So, I was quite excited to see Grayson Perry's new documentary series exploring modern masculinities. I highly recommend it, if you can find it. It's called Grayson Perry: All Man.

Here's a nice interview with Perry about his new series: (am hoping this plays outside the uk)

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Old 05-14-2016, 01:54 PM   #624
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It does, I watched it, very interesting stuff.

On the things that our cultures are different on, it's interesting how they are damn near identical on how age 13-14 goes for boys. A biology that somehow you need relief from. Yes you have to be a level of macho, yes it's practically policed. I don't know anywhere this doesn't happen, does anyone else?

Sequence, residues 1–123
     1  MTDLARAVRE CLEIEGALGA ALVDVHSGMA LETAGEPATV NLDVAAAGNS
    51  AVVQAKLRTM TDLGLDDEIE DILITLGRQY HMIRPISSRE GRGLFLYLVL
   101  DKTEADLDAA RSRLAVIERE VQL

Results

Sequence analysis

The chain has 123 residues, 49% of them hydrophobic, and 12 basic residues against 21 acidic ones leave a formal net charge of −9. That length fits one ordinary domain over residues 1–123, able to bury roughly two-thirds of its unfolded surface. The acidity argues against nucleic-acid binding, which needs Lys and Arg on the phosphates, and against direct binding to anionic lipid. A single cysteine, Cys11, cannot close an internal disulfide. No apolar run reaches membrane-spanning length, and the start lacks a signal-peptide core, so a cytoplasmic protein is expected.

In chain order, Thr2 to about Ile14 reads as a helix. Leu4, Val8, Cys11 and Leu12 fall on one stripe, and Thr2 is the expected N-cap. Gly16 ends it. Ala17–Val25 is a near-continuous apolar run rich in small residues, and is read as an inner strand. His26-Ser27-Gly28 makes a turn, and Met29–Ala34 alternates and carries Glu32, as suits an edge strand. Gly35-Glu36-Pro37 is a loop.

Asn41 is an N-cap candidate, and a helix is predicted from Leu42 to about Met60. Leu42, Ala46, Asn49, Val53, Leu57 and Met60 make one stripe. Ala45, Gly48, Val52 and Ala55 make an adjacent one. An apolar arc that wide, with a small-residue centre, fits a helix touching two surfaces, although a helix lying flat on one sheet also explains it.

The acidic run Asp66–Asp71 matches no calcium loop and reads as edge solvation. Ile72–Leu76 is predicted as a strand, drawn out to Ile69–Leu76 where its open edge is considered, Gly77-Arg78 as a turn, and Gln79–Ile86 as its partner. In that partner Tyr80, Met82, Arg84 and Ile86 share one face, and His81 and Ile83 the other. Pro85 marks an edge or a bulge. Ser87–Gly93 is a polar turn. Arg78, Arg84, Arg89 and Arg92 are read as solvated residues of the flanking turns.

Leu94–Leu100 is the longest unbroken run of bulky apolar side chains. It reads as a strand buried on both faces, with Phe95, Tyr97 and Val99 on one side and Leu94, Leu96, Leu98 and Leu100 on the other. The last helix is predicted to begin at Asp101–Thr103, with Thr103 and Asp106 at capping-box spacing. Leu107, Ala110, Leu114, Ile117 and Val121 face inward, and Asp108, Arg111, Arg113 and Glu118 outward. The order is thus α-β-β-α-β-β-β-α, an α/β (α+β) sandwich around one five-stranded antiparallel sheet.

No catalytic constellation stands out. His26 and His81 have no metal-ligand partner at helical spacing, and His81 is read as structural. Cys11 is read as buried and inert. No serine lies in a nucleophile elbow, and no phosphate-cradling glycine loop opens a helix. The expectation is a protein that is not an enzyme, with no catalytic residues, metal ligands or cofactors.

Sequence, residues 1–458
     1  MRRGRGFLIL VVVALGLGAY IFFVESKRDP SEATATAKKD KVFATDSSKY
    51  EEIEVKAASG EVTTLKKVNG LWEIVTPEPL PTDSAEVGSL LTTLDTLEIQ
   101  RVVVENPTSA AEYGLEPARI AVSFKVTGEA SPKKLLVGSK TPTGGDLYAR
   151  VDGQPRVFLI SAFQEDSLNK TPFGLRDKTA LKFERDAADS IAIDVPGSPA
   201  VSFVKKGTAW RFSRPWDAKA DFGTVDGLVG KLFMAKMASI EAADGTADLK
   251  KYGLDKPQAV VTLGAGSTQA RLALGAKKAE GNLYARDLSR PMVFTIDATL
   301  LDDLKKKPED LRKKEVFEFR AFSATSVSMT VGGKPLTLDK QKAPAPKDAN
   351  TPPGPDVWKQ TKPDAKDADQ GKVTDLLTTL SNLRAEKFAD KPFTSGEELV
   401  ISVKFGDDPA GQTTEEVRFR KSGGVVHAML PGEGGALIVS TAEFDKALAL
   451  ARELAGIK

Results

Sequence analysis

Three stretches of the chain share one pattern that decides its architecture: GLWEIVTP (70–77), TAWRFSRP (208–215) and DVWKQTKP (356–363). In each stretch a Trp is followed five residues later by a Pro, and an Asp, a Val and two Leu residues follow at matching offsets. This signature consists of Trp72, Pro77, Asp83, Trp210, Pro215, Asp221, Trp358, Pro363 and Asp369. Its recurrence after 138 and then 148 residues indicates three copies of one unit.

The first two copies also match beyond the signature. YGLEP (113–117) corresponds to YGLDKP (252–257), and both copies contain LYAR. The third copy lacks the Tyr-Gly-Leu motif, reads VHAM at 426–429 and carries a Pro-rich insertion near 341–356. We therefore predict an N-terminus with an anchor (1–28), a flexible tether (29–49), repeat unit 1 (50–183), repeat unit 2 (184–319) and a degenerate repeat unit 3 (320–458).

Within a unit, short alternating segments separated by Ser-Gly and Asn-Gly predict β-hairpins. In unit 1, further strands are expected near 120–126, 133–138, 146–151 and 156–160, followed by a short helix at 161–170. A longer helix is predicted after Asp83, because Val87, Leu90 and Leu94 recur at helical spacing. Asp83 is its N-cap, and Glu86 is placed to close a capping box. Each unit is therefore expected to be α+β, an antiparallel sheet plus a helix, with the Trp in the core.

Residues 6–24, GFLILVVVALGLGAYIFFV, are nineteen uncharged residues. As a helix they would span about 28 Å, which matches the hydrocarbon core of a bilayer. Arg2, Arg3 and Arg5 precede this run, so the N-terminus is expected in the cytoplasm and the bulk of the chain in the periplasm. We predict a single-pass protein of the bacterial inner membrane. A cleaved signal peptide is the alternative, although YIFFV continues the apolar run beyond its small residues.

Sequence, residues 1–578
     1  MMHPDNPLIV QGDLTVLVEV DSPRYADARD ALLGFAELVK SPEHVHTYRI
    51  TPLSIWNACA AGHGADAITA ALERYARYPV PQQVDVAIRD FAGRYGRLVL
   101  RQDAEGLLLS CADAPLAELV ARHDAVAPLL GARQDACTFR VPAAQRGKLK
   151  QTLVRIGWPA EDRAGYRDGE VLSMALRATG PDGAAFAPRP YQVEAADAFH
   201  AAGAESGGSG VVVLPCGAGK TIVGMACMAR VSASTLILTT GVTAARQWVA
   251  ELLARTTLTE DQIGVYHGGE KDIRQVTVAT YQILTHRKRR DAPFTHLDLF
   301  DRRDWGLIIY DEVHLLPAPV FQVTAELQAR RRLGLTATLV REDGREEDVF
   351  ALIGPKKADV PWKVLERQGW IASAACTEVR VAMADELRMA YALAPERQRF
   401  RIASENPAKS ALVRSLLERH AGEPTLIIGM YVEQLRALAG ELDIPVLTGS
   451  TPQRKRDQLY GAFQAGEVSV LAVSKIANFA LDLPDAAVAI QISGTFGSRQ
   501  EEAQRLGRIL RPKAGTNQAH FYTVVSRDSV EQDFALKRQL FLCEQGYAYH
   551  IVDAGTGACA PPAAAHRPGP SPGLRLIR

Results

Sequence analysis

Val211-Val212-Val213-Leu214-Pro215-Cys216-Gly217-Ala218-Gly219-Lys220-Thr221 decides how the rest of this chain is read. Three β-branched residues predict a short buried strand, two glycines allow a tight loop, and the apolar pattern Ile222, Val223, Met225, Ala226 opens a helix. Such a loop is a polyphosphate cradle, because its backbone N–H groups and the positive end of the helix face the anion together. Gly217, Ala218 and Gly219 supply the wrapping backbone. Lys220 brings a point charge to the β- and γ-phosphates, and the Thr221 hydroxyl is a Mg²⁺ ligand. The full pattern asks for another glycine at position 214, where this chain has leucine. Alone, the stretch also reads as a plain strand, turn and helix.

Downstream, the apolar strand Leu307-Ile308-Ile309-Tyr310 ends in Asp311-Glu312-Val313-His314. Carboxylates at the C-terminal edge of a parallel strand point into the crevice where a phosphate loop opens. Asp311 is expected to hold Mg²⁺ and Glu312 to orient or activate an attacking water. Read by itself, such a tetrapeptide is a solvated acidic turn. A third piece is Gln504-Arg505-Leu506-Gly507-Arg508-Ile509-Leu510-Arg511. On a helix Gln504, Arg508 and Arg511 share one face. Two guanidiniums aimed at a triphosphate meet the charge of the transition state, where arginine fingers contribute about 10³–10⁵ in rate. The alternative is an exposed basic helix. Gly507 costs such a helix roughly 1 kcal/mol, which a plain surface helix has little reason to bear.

It's like, y'ever watch animals fight, for no particular reason? It's always when the rut begins.



BTW this is also why men can fuck each other up and then say good game at the end of it. Hey we had to get into it. It's the rut. But you're a good guy. That was some good antler spiking you got in.
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Old 05-15-2016, 09:27 AM   #625
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Old 05-15-2016, 12:03 PM   #626
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It seem we have failure to communicate.
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Old 05-15-2016, 12:54 PM   #627
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..the fuck?
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Old 05-15-2016, 08:51 PM   #628
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At the University of Michigan, Ann Arbor...
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ANN ARBOR—When applying for a job or to college, women seek positions with fewer applicants than men, according to a new University of Michigan study.

The researchers found that the size of a competition—such as the number of applicants to a particular job or the number of people vying for a monetary reward—shapes who enters the competition.